Secrets of Saint Patrick

St. Patrick

Who was Saint Patrick? When and where did he live? Here are a few things we found out about Saint Patrick that might surprise you!

Did you know that St. Patrick had divine visions, a sense of humor, and that his name wasn’t actually Patrick? Here we explore the secrets of Saint Patrick.

Saint Patrick wasn’t Irish.

Universally known and revered as the Patron Saint of Ireland, Patrick was born in Roman Britain to a middle-class family in about A.D. 390.

While he was raised in a Catholic family, he wasn’t particularly devout until, at the age of 16, he was kidnapped by Irish raiders and taken back to Ireland where he was sold and put to work as a shepherd.

Saint Patrick Was Once a Slave

After being kidnapped, St. Patrick spent six years in captivity in Ireland, during which time he worked at the orders of his captors.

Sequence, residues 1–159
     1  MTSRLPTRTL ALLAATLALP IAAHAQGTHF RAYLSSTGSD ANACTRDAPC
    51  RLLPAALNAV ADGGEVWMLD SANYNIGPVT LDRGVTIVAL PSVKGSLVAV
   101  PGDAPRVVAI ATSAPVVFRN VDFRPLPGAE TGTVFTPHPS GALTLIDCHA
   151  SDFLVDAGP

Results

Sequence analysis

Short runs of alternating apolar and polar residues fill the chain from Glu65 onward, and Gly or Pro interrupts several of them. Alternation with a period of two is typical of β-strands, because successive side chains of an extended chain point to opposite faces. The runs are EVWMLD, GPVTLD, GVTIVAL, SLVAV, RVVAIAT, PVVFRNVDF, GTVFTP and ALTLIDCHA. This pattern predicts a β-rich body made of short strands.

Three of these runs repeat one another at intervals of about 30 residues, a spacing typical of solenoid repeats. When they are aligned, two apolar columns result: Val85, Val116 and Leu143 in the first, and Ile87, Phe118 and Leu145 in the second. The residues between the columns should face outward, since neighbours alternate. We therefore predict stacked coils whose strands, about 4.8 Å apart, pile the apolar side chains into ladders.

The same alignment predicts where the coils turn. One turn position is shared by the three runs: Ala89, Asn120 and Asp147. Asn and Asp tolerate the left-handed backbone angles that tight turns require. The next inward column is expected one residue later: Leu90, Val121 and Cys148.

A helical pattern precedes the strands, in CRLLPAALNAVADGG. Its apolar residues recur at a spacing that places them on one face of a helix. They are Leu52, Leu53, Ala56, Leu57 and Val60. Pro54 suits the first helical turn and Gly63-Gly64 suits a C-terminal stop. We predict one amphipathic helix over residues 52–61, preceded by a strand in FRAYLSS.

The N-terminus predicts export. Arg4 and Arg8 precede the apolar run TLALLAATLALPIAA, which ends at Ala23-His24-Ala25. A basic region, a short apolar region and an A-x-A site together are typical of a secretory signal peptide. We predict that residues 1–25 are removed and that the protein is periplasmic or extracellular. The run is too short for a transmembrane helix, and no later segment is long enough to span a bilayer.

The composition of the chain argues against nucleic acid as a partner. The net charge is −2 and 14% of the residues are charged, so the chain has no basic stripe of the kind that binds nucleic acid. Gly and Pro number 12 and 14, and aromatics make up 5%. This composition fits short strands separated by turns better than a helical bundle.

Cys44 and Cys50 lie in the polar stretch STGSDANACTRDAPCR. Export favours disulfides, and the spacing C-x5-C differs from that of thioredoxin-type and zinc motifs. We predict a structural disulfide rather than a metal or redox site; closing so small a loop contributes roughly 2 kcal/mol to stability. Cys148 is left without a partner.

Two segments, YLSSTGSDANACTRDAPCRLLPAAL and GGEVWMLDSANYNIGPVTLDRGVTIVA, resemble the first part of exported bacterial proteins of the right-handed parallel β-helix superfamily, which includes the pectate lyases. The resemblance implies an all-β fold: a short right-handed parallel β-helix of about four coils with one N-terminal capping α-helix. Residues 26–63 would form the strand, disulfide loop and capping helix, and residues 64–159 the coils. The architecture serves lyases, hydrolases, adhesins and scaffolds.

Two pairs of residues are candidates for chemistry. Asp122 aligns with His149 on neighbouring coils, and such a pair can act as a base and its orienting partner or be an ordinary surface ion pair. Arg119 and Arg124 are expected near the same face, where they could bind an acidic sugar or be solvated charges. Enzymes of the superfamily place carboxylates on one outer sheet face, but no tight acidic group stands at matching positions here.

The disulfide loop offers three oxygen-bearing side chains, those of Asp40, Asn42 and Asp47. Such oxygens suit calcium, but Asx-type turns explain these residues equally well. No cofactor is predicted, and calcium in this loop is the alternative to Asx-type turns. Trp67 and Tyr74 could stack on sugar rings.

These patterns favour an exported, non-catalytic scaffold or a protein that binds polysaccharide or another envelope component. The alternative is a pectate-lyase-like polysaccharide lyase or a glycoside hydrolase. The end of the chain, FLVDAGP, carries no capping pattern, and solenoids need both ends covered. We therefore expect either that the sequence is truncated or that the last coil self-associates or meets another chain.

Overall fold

It was during this time that he became a devout Christian and began to have visions of God and cultivated his relationship with God.

Saint Patrick Had Divine Visions

6 years after his kidnapping, he had a vision from God saying, “Your hungers are rewarded. You are going home. Look — your ship is ready,” at which point he escaped his captors, walked 200 miles to the shore, boarded a ship and headed to France and eventually back home.

St. PatrickHis name wasn’t actually Patrick.

After arriving in France and studying for many years, eventually becoming a Priest and Bishop, he changed his given name (Maewyn Succat) to Patricius (or Patrick), which derives from the Latin term for ‘father figure.’

It was almost 30 years after his escape from slavery and vocation to priesthood that Patrick was called back to Ireland in a another vision from God.

He was a fearless believer in a land of danger